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  • Author: Hunter S. Waldman x
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Hunter S. Waldman, Brandon D. Shepherd, Brendan Egan and Matthew J. McAllister

In the present study, our team aimed to investigate the effects of acute ingestion of a ketone salt (KS) supplement on the cognitive performance in healthy college-aged males during a dual-stress challenge (DSC). Following a peak oxygen uptake test and DSC familiarization, 16 males completed a DSC while cycling at 60% of their respective peak oxygen uptake after ingesting either a commercially available racemic (D- and L-)β-hydroxybutyrate (β-OHB) KS (0.38 g/kg body mass) or a placebo, using a triple-blinded, crossover, and counterbalanced design. The participants consumed the KS or placebo at −60 and −15 min prior to the start of the DSC. Heart rate, rating of perceived exertion, and blood β-OHB and glucose were sampled throughout. The DSC consisted of a mental arithmetic challenge and a modified Stroop Color Word, which alternated every 2 min for 20 min. Upon completion of the DSC, responses for correct, incorrect, and no responses were recorded for the mental arithmetic challenge and Stroop Color Word. Blood β-OHB was elevated with KS by −15 min and remained so throughout (p < .001), peaking at 0.76 ± 0.32 mM. Blood glucose was lower with KS compared with the placebo at −15 and 10 min by 9% and 5%, respectively (both ps < .05). There were no differences between the treatments for heart rate, rating of perceived exertion, mental arithmetic challenge, or Stroop Color Word. Overall, this study suggests that KSs are not effective aids for enhancing cognitive performance during a DSC, which might partially be explained by the inability of currently available commercial KS supplements to elevate β-OHB blood concentrations above ∼1.0 mM.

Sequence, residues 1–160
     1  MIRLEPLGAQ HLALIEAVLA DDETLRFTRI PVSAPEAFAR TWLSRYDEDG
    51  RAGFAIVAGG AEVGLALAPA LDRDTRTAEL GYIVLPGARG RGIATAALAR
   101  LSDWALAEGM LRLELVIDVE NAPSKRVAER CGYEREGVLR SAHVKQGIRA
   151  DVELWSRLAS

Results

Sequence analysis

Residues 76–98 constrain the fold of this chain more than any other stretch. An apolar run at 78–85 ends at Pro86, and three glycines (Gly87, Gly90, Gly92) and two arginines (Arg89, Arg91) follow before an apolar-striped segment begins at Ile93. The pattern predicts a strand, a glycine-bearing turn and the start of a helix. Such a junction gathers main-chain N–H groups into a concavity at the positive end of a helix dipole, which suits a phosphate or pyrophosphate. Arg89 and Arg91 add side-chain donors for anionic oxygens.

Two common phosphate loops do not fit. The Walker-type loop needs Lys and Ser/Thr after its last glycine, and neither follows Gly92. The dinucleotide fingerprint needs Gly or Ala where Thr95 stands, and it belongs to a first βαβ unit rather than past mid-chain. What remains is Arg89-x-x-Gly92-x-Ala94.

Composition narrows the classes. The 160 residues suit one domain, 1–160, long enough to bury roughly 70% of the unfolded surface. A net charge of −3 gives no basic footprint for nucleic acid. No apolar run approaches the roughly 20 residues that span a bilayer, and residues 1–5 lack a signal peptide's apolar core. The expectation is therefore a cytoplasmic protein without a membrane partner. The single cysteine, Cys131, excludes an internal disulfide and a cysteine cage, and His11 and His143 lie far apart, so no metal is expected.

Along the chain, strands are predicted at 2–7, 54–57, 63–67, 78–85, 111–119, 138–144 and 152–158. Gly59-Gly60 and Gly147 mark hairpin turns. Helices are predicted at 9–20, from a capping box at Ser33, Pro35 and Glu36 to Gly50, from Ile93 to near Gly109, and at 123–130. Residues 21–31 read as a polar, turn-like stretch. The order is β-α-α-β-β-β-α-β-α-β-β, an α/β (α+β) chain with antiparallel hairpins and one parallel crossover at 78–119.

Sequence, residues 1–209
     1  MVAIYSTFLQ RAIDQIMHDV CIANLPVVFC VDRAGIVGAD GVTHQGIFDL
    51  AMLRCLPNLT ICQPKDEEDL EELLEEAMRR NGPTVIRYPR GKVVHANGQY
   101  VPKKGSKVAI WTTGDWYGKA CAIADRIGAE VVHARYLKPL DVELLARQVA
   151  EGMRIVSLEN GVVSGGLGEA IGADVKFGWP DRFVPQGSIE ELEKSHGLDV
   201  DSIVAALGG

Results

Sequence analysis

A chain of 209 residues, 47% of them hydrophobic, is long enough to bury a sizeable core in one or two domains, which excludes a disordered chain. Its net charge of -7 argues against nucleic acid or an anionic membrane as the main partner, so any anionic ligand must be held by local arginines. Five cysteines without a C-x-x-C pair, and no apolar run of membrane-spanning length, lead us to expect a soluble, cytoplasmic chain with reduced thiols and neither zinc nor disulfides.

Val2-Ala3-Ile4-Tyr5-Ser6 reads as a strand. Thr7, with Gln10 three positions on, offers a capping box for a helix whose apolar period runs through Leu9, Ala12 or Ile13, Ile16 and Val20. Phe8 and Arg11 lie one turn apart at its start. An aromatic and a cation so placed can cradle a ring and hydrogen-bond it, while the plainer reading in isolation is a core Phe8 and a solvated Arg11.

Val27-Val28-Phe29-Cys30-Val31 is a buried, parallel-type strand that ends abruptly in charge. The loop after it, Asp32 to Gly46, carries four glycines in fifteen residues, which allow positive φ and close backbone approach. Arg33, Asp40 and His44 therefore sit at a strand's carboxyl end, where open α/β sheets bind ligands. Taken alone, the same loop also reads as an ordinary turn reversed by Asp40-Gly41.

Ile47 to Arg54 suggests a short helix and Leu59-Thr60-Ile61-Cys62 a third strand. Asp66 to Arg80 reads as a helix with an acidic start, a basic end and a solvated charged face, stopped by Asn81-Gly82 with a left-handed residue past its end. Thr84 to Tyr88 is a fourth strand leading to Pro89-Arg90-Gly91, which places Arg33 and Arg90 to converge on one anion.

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Ben M. Krings, Brandon D. Shepherd, Hunter S. Waldman, Matthew J. McAllister and JohnEric W. Smith

Carbohydrate mouth rinsing has been shown to enhance aerobic exercise performance, but there is limited research with resistance exercise (RE). Therefore, the purpose of this investigation was to examine the effects of carbohydrate mouth rinsing during a high-volume upper body RE protocol on performance, heart rate responses, ratings of perceived exertion, and felt arousal. Recreationally experienced resistance-trained males (N = 17, age: 21 ± 1 years, height: 177.3 ± 5.2 cm, mass: 83.5 ± 9.3 kg) completed three experimental sessions, with the first serving as familiarization to the RE protocol. During the final two trials, the participants rinsed a 25-ml solution containing either a 6% carbohydrate solution or an artificially flavored placebo in a randomized, counterbalanced, and double-blinded fashion. The participants rinsed a total of nine times immediately before beginning the protocol and 20 s before repetitions to failure with the exercises bench press, bent-over row, incline bench press, close-grip row, hammer curls, skull crushers (all completed at 70% one-repetition maximum), push-ups, and pull-ups. Heart rate, ratings of perceived exertion, and felt arousal were measured at the baseline and immediately after each set of repetitions to failure. There were no differences for the total repetitions completed (carbohydrate = 203 ± 25 repetitions vs. placebo = 201 ± 23 repetitions, p = .46, Cohen’s d = 0.10). No treatment differences were observed for heart rate, ratings of perceived exertion, or felt arousal (p > .05). Although carbohydrate mouth rinsing has been shown to be effective in increasing aerobic performance, the results from this investigation show no benefit in RE performance in resistance-trained males.